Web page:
The viscosity of diesel fuel is a measure of the resistance to flow of the fuel, and it will decrease as the fuel oil temperature increases. What this means is that a fluid with a high viscosity is heavier than a fluid with low viscosity. A high viscosity fuel may cause extreme pressures in the injection systems and will cause reduced atomization and vaporization of the fuel spray.

The viscosity of diesel fuel must be low enough for it to flow freely at its lowest operational temperature, yet high enough to provide lubrication to the moving parts of the finely machined injectors. The fuel must also be sufficiently viscous so that leakage at the pump plungers and dribbling at the injectors will not occur. Viscosity also will determine the size of the fuel droplets, which in turn govern the atomization and penetration qualities of the fuel injector spray.

Recommended diesel fuel oil viscosity for high-speed diesel engines is generally in the region of 39 SSU (Seconds Saybolt Universal), which is derived from using a Saybolt Viscosimeter to measure the time it takes for a quantity of fuel to flow through a restricted hole in a tube. A viscosity rating of 39 SSU provides good penetration into the combustion chamber, atomization of fuel, and suitable lubrication.


Lubricity is commonly defined as the ability of a fluid to minimize the degree of friction between surfaces in relative motion under load conditions.  When the lubricity is not at a satisfactory level, then many internal engine components including fuel pumps and injectors are prone to excessive wear and metal damage.  The results of such wear are inefficient performance, shortened service life and high replacement costs.

As the emission standards for diesel fuels have been decreased, the importance for adequate fuel lubricity has increased, since now critical engine parts must perform at evermore demanding operating pressures and temperatures and, consequently, with greater degrees of metal to metal contact.  Obviously, these factors explain why good lubricity quality is of prime importance to diesel engine owners.

Diesel Fuel Sulfur Content

Sulfur has a definite effect on the wear of the internal components of a diesel engine, such as the piston ring, pistons, valves, and cylinder liners. In addition, a high sulfur content fuel requires that the engine oil and filter be changed more often because the corrosive effects of hydrogen sulfide in the fuel and the sulfur dioxide or sulfur trioxide that is formed during the combustion process combine with water vapor to form acids.

High additive lubricating oils are desired when high sulfur fuels are used. Refer to the engine manufacturer’s specifications for the correct lube oil when using high sulfur fuel.

Sulfur content can be established only by chemical analysis of the fuel. Fuel sulfur content above 0.4% is considered as medium or high, and anything below 0.4% is low. No. 2D contains between 0.2 and 0.5% sulfur, whereas No. 1D contains less than 0.1%. Sulfur content has a direct bearing on the life expectancy of the engine and its components. Active sulfur in diesel fuel will attack and corrode injection system components and contribute to combustion chamber and injection system deposits.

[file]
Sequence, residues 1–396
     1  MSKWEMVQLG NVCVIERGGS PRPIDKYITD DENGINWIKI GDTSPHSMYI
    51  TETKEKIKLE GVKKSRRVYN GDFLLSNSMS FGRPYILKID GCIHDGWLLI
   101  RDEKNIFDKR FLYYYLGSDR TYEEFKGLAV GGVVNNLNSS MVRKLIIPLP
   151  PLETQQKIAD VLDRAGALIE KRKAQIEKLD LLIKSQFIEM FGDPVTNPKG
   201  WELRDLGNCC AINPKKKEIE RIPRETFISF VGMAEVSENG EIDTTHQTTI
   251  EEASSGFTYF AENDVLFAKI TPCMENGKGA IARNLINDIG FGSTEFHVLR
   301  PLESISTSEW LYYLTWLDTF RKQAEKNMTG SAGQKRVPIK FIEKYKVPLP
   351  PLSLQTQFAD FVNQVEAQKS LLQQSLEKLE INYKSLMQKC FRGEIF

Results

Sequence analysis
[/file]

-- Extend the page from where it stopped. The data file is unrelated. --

What Is The Connection Between Sulfur And Lubricity?

There is a misconception that sulfur is what provides the lubricity to diesel fuel, but that idea is only indirectly correct.  Although the sulfur does contribute somewhat to lubricity, the lower lubricity level of low sulfur fuel is more a by-product of the refinery processes used for desulfurization.

No crude oil is entirely pure, it always contains trace amounts of various impurities.  One such common impurity is sulfur; depending upon the crude source, the sulfur content can range from as low as 500 ppm (sweet crude) up to as much as 10 fold (sour crude) that amount.

During the desulfurization process via hydrotreating, hydrogen gas is introduced to the crude under extreme temperatures and pressures.  The hydrogen combines with the sulfur to form hydrogen sulfides that are then removed and ultimately converted into elemental sulfur for resale. 

Unfortunately, during desulfurization, critical polar and organic aromatic compounds innate to the fuel and identified as responsible for imparting significant lubricity quality, are destroyed under the necessarily intense operating conditions.  The resulting yield is a satisfactory low sulfur diesel fuel, but also one that is unsatisfactorily low in lubricity.

Cloud and Pour Point

Cloud point is the temperature at which wax crystals in the fuel (paraffin base) begin to settle out with the result that the fuel filter becomes clogged. This condition exists when cold temperatures are encountered and is the reason that a thermostatically controlled fuel heater is required on vehicles operating in cold weather environments.

Failure to use a fuel heater will prevent fuel from flowing through the filter and the engine will not run. Cloud point generally occurs 9-14°F above the pour point.

Pour point of a fuel determines the lowest temperature at which the fuel can be pumped through the fuel system. The pour point is 5°F above the level at which oil becomes a solid or refuses to flow.